Review: Lamy Safari Vista Fountain Pen - Demonstrator Clear

Lamy Safari Vista Fountain Pen - Demonstrator Clear


Finally bought myself a Lamy Safari fountain pen after reading so many reviews on Amazon.

I actually bought two, the version with the transparent body, also known as the Demonstrator. The body is shiny but after months of use, scratches have appeared on the body, but it's still transparent enough to see through.

It looks great. You can see the ink inside the system behind the nib, so you can know how much ink remains in the cartridge.

The back body has two big holes that also enables you to see the cartridge inside. This is more useful for the other Lamy Safari fountain pens that are not transparent.

This is a moderately priced fountain pen. Its construction is made of plastic except for the nib and clip. It's lightweight, but some might consider it to feel a bit cheap because of the weight. The design isn't very fanciful but it gets the job done.


The silver clip on the cap is like a huge paper clip.

The grip is indented for placement for the thumb and index. It's relatively comfortable for writing. The pen handles very well, and is well balanced to hold. I'm using the Noodler's black ink with it and it writes very smoothly.


The nibs come in various sizes, which are extra-fine, fine and medium. Fine is something like a Copic 0.8 and extra fine is about 0.5. I recommend getting the extra-fine if you're getting just one pen. You can easily swap the nibs.


The fountain pen comes with one disposable ink cartridge. So it's more economical to get the Lamy Safari Converter which is the recyclable ink cartridge (the red one you see in the picture above).


There's are two small protruding parts on the converter. The protruding part will actually slide into the groove of the pen so it actually prevents you from pushing the converter too far in. I don't see this in other fountain pens and I think it's a pretty cool feature.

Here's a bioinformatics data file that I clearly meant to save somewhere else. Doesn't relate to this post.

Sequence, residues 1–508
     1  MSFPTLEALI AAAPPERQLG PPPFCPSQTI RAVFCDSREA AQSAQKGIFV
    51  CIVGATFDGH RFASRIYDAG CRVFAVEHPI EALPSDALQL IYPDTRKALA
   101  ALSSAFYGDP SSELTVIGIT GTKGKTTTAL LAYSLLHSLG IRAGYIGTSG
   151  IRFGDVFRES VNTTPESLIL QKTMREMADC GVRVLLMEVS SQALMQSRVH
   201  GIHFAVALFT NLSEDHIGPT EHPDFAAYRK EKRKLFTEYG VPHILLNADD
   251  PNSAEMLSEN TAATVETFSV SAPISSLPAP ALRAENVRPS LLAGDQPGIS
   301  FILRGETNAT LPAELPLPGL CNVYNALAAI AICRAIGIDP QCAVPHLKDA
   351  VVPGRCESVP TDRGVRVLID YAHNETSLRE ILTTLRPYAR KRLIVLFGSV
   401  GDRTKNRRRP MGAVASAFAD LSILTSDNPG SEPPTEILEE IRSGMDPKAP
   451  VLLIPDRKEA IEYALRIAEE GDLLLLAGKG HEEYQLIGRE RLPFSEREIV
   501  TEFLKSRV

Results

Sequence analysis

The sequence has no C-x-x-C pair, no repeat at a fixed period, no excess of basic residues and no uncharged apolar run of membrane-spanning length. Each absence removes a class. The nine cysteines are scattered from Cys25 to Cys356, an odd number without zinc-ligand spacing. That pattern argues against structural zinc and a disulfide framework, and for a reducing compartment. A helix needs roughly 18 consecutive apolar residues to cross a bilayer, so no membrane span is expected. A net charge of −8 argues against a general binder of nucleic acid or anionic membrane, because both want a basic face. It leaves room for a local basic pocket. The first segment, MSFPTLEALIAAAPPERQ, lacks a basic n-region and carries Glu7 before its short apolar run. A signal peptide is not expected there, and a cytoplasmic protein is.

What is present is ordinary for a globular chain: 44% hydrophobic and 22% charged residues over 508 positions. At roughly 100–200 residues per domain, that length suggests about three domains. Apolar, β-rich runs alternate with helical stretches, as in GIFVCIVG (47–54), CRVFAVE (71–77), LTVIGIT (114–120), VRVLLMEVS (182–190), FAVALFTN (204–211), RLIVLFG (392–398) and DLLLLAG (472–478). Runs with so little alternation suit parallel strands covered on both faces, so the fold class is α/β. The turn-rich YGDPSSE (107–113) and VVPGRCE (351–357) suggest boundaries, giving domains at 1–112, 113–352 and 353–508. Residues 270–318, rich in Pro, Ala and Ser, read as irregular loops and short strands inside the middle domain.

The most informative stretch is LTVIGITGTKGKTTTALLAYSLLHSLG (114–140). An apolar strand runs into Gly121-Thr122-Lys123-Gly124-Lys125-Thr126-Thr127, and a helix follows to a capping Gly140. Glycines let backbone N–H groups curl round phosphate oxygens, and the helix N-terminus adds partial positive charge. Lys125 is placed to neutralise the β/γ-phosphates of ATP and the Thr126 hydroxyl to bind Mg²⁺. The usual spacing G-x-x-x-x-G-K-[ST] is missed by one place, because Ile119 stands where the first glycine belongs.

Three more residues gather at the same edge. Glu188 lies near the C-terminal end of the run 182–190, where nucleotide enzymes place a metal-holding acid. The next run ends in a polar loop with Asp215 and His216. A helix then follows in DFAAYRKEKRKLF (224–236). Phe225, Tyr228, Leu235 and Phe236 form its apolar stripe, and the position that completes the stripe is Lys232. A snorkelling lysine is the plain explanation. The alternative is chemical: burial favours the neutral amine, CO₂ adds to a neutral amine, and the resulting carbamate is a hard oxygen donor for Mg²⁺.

The nib is not a flex nib so it's only capable of producing consistent lines, pretty much like a technical pen. Take note of this if you're thinking of drawing with this pen.

It's a great entry level fountain pen at a very affordable price. It's very functional and feels durable enough.

Below are some sketches I drew with the pen. You might note that the strokes feather slightly because the paper used was quite lousy.

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5 Comments

Hey

Hey

I bought those lamy fountain pens and noodler's inks after your recommendations. And it appeared to fail all my expectations. What I wanted is to get a waterproof black ink to work with aquarella. Not sure on that now... Guess I should just let the paper dry over some period (an hour / night?). Waiting for a couple of minutes didn't help. The ink smudged over the paper and stayed on my finger. How am I supposed to paint over it?

And about Lamy pens the Vista one. I took F and it's a disaster. It scratches the paper, the ink is bleeding through the nib and all over it. Drawing on plain office paper is ok, but on watercolour paper - is hardly bearable.

I had a similar issue using a

I had a similar issue using a Lamy Safari (which I enjoy) with Noodler's Black ink (which is great for writing, but not for drawing). When I would ink a picture and then erase the pencil, the Noodler's black ink would smudge on the page. I now use Platinum Carbon ink in my Lamy Safari for drawing and have not had any issues with this waterproof ink. I still use the Noodler's for writing, but not for drawing.

Nice review.

Nice review.
Can you tell me about the converter. Does it have the twist and turn mechanism or is there a lever to scroll up and down (like in Parker Vectors)?

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